PRO14 unveils format for ‘United Rugby Championship’

A new tournament identity and format has been created to mark the arrival of four South African franchises into European 'domestic' rugby

Leinster were PRO14 champions in 2019. Image: © Craig Watson -
Leinster were PRO14 champions in 2019. Image: © Craig Watson -

THE format of the new competition which will incorporate four South African franchises into the PRO14 has been revealed.

It will be called the United Rugby Championship and consist of a single 16-team league table, with every side playing two games (home and away) against the three other teams in their regional pool, and one game (home or away) against the other 12 sides in the competition, meaning 18 regular season games.

The top eight teams in the table at the end of the season will qualify for the play-offs which will consist of three rounds of knock-out rugby, with teams seeded on the basis of their final league position.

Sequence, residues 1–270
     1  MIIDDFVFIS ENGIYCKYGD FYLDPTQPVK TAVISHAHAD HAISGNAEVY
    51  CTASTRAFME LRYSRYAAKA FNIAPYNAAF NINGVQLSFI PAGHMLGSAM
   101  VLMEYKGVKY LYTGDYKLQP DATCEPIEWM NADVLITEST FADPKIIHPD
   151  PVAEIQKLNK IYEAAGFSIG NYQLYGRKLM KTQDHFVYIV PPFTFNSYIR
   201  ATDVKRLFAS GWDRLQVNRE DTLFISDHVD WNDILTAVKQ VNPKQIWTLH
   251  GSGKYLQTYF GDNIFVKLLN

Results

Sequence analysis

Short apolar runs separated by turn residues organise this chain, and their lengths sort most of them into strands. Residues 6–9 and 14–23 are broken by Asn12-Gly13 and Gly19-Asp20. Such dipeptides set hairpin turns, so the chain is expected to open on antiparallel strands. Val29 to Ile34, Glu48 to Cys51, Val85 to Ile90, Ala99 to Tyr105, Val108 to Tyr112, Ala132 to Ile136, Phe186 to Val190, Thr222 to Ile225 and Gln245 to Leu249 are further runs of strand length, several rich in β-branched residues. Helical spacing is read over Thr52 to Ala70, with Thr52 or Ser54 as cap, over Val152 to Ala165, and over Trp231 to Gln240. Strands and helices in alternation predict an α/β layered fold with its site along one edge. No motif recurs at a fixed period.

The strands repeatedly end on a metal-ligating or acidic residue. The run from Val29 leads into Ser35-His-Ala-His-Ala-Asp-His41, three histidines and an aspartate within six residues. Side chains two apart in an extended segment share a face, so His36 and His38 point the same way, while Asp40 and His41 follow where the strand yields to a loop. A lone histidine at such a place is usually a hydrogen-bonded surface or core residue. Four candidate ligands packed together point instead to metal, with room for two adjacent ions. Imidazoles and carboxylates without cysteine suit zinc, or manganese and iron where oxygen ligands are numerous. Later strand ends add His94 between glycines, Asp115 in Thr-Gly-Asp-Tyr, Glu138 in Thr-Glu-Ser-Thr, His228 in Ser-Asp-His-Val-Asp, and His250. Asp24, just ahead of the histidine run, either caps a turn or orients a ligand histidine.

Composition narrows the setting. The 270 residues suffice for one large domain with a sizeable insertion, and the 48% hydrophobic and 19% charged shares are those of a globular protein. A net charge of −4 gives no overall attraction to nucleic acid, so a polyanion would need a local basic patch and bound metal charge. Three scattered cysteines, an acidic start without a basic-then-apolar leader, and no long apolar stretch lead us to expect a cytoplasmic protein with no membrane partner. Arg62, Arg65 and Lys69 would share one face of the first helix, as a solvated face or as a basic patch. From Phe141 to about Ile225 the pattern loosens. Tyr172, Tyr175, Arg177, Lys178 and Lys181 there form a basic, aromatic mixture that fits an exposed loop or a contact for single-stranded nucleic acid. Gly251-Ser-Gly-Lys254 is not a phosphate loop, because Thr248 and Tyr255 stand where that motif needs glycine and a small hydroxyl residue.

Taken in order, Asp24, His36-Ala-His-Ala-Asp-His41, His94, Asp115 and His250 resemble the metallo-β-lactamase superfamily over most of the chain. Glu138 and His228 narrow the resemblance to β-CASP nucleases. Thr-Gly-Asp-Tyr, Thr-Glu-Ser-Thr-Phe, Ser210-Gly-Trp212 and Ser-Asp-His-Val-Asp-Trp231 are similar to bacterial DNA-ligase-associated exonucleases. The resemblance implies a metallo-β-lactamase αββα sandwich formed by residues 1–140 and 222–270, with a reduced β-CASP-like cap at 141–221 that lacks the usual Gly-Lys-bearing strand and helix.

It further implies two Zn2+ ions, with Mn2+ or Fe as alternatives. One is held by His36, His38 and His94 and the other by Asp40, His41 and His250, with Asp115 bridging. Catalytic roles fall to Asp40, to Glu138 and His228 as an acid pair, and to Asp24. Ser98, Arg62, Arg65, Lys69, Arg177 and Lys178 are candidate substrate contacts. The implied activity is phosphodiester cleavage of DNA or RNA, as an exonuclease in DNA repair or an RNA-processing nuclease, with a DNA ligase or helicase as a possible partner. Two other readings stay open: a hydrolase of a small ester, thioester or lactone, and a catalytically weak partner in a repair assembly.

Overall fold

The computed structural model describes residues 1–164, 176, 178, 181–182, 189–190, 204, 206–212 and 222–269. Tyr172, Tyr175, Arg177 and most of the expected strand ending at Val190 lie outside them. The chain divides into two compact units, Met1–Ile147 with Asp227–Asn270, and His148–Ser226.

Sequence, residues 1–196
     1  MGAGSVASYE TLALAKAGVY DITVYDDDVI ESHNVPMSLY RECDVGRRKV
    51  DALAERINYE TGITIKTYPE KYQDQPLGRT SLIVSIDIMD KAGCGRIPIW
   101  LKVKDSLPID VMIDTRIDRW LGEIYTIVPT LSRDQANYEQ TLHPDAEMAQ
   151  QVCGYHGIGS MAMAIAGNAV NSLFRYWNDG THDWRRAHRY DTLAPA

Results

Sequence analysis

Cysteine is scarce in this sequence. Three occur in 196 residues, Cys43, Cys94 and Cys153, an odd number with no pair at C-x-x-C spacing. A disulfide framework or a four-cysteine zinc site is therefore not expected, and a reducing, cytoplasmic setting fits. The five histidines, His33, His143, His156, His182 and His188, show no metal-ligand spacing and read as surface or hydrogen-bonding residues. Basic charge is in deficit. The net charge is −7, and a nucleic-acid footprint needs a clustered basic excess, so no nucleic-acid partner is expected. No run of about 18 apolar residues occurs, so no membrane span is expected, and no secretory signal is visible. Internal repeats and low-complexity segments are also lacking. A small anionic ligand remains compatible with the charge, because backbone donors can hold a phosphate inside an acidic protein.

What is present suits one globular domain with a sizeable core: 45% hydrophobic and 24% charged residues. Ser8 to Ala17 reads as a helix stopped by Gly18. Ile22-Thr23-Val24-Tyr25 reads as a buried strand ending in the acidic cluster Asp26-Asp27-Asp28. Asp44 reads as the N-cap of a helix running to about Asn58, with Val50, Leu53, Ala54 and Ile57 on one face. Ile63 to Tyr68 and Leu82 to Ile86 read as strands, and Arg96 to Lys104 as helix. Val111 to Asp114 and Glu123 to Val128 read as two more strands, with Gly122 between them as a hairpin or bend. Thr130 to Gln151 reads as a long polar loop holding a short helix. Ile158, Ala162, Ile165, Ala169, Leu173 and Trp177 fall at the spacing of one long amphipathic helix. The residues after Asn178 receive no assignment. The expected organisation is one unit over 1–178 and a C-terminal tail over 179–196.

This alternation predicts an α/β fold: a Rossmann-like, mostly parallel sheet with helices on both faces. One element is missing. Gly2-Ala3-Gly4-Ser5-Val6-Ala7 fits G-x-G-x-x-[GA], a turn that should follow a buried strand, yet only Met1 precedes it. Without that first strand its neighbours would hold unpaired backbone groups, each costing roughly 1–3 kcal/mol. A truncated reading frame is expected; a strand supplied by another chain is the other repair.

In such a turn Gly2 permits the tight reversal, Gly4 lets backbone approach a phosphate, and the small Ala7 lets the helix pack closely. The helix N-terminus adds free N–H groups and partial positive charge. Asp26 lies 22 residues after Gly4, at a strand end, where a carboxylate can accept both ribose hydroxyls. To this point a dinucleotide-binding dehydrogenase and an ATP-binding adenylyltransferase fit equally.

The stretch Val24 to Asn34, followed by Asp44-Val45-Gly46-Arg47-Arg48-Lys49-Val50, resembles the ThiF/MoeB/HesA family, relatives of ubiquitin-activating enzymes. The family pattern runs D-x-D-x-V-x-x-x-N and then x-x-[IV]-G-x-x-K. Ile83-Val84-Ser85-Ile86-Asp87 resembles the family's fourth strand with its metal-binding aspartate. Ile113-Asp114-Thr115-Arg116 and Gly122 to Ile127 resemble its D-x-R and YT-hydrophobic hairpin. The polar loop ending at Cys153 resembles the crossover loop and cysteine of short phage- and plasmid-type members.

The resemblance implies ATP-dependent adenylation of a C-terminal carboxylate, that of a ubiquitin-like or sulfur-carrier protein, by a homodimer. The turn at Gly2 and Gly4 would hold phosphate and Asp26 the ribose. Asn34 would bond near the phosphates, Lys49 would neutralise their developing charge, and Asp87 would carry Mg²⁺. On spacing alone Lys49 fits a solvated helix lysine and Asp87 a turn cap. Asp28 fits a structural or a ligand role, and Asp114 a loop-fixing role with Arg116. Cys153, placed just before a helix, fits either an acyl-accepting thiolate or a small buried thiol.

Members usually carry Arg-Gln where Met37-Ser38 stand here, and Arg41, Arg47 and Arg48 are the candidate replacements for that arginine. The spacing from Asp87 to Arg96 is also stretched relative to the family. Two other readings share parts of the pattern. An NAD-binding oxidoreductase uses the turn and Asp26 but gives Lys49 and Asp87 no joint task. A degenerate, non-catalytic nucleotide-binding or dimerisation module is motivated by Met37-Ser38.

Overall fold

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Scotland’s two pro teams (Edinburgh and Glasgow Warriors) are in a regional pool alongside the two Italian sides (Benetton and Zebre). Based on previous performances in the PRO14, this should be regraded as a favourable draw.

Regional pools

  • Irish Pool: Connacht, Leinster, Munster, Ulster
  • Welsh Pool: Dragons, Cardiff Rugby, Ospreys, Scarlets
  • South African Pool: Cell C Sharks, DHL Stormers, Emirates Lions and Vodacom Bulls
  • Italian & Scottish Pool: Benetton Rugby, Edinburgh, Glasgow Warriors, Zebre Rugby Club

European qualification